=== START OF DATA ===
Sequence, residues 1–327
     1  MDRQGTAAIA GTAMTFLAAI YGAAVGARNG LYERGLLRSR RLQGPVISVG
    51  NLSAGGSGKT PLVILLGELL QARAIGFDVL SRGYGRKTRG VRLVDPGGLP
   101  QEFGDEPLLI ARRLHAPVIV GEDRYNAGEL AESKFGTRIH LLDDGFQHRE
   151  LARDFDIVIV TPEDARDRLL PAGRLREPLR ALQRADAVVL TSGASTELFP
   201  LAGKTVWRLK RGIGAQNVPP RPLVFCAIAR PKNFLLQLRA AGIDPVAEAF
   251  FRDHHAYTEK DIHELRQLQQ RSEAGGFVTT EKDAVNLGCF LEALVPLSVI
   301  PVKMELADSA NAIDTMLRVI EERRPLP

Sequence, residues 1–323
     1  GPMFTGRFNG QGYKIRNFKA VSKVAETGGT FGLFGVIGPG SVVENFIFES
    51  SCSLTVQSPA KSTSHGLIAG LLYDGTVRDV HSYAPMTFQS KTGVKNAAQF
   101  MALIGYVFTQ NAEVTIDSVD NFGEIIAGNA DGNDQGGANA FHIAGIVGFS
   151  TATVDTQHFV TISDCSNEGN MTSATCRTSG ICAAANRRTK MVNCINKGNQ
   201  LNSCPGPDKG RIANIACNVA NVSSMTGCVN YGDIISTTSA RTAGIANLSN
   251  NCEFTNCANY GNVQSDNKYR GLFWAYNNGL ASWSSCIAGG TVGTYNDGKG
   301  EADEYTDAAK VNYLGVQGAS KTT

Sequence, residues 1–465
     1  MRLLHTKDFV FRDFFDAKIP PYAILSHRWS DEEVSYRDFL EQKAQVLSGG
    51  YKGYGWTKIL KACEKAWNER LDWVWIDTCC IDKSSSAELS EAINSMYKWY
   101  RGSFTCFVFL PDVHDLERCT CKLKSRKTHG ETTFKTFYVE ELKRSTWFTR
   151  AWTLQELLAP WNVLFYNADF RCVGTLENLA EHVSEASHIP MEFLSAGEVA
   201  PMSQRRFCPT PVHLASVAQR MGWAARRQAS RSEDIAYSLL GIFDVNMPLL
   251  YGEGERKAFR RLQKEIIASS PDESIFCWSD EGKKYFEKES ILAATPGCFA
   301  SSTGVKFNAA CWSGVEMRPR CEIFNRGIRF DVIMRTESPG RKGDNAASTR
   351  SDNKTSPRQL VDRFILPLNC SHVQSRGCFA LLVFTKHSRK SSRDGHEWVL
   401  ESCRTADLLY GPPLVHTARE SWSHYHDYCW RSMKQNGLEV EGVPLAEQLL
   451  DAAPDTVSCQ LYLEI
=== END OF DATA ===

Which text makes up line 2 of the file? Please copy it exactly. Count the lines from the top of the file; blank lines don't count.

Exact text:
     1  MDRQGTAAIA GTAMTFLAAI YGAAVGARNG LYERGLLRSR RLQGPVISVG